Hi, Burl here to review a little regional picture that I’ve always been surprised didn’t get more attention, though it certainly got some! I remember reading a review of Last Night at the Alamo in one of those Home Video Enthusiast-type of magazines – the sort of magazine that would rate the relative merits of the Panasonic Omnivision IV versus the Sony SL-7200, but also had reviews of the latest tape releases – and it was intriguing to me then, even though I was a horror fan through and through! (I remember that issue also had a review of The Mack, starring Richard Pryor!)
Well, many years later I got my hands on a VHS copy of the picture, and glad I am of that! It’s a very low-budget movie, taking place mostly in one Houston watering hole called, of course, The Alamo! But this is the last night of operation for this venerable establishment, and the regulars who populate the place – among them Claude, played by the great, sadly late Lou Perryman of The Texas Chainsaw Massacre 2 – aren’t ready to give it up without a fight, or at least without a lot of drunk*n grousing!
The key figure in the drama is unseen for the first act of the picture, but expansively discussed! It’s Cowboy, an amiable fellow never seen without his bucket hat and lazy grin! Ha ha, he’s a local hero type of guy, but there’s something kind of stupid behind his eyes, and it burns brighter as he decides to spearhead the effort to save the Alamo!
Well, it’s a foregone conclusion that they’ll have to settle for remembering it instead, but these fellows have had enough b*oze that they have no problem believing the place might be spared the wrecker’s ball through a few late-night phone calls to dimly remembered old acquaintances who are now mucking about in state politics! Cowboy proves not to have the influence he’d claimed, and in the meantime Claude repeatedly dials his wife on the pay phone and engages in spectacularly prof*ne arguments with this never-seen woman! Yes, he really lays a salty tongue on her, and no mistake!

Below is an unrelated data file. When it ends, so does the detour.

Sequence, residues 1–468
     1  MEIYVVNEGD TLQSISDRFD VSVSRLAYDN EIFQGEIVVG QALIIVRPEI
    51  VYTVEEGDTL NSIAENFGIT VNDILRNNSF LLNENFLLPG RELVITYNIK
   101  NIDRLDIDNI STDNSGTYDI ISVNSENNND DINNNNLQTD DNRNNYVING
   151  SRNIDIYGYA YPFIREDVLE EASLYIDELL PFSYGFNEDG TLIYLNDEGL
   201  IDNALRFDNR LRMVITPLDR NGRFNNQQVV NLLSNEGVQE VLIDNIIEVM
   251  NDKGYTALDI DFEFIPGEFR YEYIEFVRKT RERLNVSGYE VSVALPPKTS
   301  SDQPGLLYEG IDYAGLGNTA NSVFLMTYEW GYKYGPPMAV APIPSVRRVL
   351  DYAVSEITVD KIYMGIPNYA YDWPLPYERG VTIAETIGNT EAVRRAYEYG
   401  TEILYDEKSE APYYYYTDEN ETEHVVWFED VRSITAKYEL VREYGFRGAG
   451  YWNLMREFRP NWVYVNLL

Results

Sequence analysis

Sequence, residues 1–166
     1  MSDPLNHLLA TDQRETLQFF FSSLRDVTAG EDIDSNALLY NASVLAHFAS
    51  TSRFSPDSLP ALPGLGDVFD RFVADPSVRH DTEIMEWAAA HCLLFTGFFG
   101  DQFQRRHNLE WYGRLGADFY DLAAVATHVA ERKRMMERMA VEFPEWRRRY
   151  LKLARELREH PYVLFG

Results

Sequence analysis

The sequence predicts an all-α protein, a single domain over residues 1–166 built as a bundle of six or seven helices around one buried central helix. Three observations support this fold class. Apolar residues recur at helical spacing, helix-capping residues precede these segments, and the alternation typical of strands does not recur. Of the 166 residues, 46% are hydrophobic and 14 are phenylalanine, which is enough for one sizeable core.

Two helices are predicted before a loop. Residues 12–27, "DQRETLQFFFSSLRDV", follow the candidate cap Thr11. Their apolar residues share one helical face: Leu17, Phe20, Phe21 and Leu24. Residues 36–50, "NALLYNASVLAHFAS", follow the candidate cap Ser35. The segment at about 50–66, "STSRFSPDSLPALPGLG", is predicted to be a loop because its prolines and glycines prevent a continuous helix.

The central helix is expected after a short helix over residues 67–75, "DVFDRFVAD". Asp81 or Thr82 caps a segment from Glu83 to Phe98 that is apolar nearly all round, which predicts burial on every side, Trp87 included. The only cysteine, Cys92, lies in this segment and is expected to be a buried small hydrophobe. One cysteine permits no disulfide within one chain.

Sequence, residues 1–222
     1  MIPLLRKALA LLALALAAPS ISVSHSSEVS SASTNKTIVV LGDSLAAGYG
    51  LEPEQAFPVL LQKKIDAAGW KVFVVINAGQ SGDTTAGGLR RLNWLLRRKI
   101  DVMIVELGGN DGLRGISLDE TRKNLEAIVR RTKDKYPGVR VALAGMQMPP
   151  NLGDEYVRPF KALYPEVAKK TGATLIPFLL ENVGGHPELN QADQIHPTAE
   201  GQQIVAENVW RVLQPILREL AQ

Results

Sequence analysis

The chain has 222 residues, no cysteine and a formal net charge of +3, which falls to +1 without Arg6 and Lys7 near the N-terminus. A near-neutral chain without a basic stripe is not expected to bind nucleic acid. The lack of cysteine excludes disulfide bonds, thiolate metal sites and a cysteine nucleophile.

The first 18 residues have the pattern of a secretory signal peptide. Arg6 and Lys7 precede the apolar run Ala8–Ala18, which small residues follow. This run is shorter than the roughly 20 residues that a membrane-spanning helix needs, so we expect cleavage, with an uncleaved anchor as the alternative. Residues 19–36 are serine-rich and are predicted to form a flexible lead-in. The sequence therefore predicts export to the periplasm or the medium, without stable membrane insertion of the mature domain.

By the end of the picture, well, let’s just say that Cowboy’s hat has come off, and the movie has moved from being an ambling, Southern fried slice-of-life to something similar, but darker and more roiling! It’s a handsome-looking black-and-white picture that, at $50,000, must have had a lower budget than even something like Satan’s Black Wedding, but is galaxies ahead in its quality, especially in the performative realm! Ha ha, the acting’s just great!
This is a true indie film from just before the days when that label began to have some cachet! It’s a bit stagebound at times, but well worth watching, and I highly recommend tracking it down! Ha ha, it’s a true Texas gem! I give Last Night at the Alamo three and a half homemade pest control signs!